Busting the Myth about Multitasking: Taking on too many Tasks

2 min read


Is it doing two or more things at the same time? Is it switching between two or more tasks at a given time? Or, is it performing several tasks one after another, rapidly? The myth of multitasking spreads from all the above. 

Perspective about the myth of multitasking

A while ago, multitasking used to be a sought-after quality, and people who could multitask were praised for their skills.

However, recent research suggests that multitasking might be doing more harm than good. Studies conducted to see how the brain reacts to juggling tasks identified that multitasking might not be as effective as previously thought.

Let’s delve deeper into the science behind it!

Multitasking and the brain

Clifford Nass, a Stanford researcher, discovered that serial multitaskers could not identify relevant information from unnecessary details, had relatively more incredible difficulty switching tasks, and were less mentally organized.

This report is quite ironic and confirms the myth of multitasking in which that kind of person is supposed to be the exact opposite.

Scientific research also states that multitasking leads to as much as a 40% reduction in productivity. Shocking!

What’s more, you need not be working simultaneously on two projects to multitask. It counts as multitasking if you play music while working, have the TV on as background noise, or even check your mail in the middle of something.

Yeah, almost all of us are multitaskers in one way or another.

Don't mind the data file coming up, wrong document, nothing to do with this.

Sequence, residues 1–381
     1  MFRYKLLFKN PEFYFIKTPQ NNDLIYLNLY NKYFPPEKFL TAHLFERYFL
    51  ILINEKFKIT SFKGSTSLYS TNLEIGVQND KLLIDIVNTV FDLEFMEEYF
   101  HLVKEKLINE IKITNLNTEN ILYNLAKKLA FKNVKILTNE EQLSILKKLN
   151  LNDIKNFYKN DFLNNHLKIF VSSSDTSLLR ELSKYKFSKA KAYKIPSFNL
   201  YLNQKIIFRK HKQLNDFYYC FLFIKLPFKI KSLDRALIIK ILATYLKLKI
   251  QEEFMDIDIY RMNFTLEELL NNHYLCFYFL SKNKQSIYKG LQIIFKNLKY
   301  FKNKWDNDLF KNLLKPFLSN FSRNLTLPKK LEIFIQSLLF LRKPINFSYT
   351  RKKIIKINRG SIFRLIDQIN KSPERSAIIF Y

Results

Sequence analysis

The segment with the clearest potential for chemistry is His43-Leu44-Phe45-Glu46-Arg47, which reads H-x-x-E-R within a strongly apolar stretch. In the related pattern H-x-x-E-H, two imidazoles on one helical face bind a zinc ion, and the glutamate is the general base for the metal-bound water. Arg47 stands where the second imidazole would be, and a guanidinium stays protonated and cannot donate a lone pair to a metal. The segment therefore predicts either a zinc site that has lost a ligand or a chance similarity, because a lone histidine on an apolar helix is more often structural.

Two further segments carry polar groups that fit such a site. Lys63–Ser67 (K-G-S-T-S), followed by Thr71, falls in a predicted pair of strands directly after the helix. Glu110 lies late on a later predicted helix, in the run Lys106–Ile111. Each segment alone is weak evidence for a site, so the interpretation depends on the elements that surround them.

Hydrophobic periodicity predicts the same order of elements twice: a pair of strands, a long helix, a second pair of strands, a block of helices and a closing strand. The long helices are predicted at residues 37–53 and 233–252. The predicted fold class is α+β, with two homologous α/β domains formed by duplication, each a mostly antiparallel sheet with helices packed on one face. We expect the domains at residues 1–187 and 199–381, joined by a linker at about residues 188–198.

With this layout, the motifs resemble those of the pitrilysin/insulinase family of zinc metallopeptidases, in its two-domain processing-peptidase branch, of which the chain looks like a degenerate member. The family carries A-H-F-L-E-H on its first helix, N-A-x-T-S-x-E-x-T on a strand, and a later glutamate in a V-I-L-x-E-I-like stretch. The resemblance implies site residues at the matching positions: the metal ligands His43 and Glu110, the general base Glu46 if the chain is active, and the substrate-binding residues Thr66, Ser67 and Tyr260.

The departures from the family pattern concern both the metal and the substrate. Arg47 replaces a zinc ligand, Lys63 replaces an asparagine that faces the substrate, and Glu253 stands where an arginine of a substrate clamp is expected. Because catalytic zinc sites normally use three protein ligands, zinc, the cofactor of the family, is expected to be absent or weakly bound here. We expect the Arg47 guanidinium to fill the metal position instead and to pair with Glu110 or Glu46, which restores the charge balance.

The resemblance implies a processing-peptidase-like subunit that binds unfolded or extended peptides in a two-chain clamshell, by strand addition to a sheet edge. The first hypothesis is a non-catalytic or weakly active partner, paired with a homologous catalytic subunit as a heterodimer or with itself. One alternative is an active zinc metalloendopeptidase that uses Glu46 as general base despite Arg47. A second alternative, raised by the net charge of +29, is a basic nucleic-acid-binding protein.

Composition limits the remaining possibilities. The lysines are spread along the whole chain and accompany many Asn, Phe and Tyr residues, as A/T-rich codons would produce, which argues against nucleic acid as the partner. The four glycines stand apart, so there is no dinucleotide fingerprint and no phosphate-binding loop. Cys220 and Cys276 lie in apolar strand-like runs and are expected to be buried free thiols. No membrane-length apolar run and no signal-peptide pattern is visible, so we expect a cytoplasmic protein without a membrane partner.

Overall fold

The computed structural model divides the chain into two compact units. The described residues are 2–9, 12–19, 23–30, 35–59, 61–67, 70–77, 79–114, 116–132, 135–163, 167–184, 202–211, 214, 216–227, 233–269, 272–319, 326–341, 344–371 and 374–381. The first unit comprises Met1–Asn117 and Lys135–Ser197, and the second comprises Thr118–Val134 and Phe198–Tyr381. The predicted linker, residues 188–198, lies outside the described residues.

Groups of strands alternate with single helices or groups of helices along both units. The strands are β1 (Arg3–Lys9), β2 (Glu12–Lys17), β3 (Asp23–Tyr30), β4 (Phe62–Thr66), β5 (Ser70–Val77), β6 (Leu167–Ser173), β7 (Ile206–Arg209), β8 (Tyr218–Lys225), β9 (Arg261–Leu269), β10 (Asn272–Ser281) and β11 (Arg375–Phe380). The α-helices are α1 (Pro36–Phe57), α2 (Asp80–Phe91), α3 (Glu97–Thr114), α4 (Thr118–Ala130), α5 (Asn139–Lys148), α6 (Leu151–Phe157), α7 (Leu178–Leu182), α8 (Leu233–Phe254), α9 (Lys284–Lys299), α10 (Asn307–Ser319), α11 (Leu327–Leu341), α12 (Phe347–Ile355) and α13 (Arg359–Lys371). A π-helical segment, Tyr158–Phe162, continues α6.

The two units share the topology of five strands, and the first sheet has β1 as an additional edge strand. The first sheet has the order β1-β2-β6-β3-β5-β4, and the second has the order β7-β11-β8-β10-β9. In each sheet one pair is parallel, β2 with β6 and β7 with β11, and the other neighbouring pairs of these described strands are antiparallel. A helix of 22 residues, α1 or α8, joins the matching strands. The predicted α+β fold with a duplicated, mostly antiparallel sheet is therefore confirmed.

So how does your brain deal with multitasking? Not so well, says science. Allegedly, the human brain is not made for multitasking. It’s said multitasking can:

  • Cause mental blocks
  • Expose you to distractions
  • Impair cognitive ability (thinking)
  • Slow you down
  • Temporarily reduce your IQ by 15 points
  • Increase stress and burnouts
  • Negatively impact emotional intelligence.

Is it possible to stop multitasking?

The answer is no and no.

Multitasking is a part of our lives, and there is nothing we can do about it. Consciously or subconsciously, we are constantly multitasking, be it at home or work.

But what we can do is stop juggling tasks. According to psychology professor Hal Pashler, “You can’t do two demanding, even simple tasks, in parallel.” So, it is wise to limit the tasks to two at a time. For example, working on three projects at a time is a big NO.

Use the Pomodoro technique to multitask effectively. Instead of constantly or randomly switching between tasks, work on each task for 20–25 minutes, switching to the other only at the end of the process.

Create to-do lists. There are umpteen ways to create a to-do list. Pick one that matches your work routine and suits your style of getting things done.

Try ‘Batching’ your tasks. Batching involves grouping similar tasks together, which can prevent you from straying to different tasks.

This method helps you avoid frantically switching gears when you multitask, so you are less prone to distractions and can retain focus.

Hence, despite the drawbacks of multitasking, it is impossible to quit cold turkey or quit at all. Thanks to our fast-paced lives.

But the one thing that we can do is change our multitasking game for the better by making little changes to our routine.

Using Akiflow is a good place to start! Because Akiflow cuts back on distractions, helps you focus on tasks that matter without the trouble of having to switch apps, tabs, or windows.

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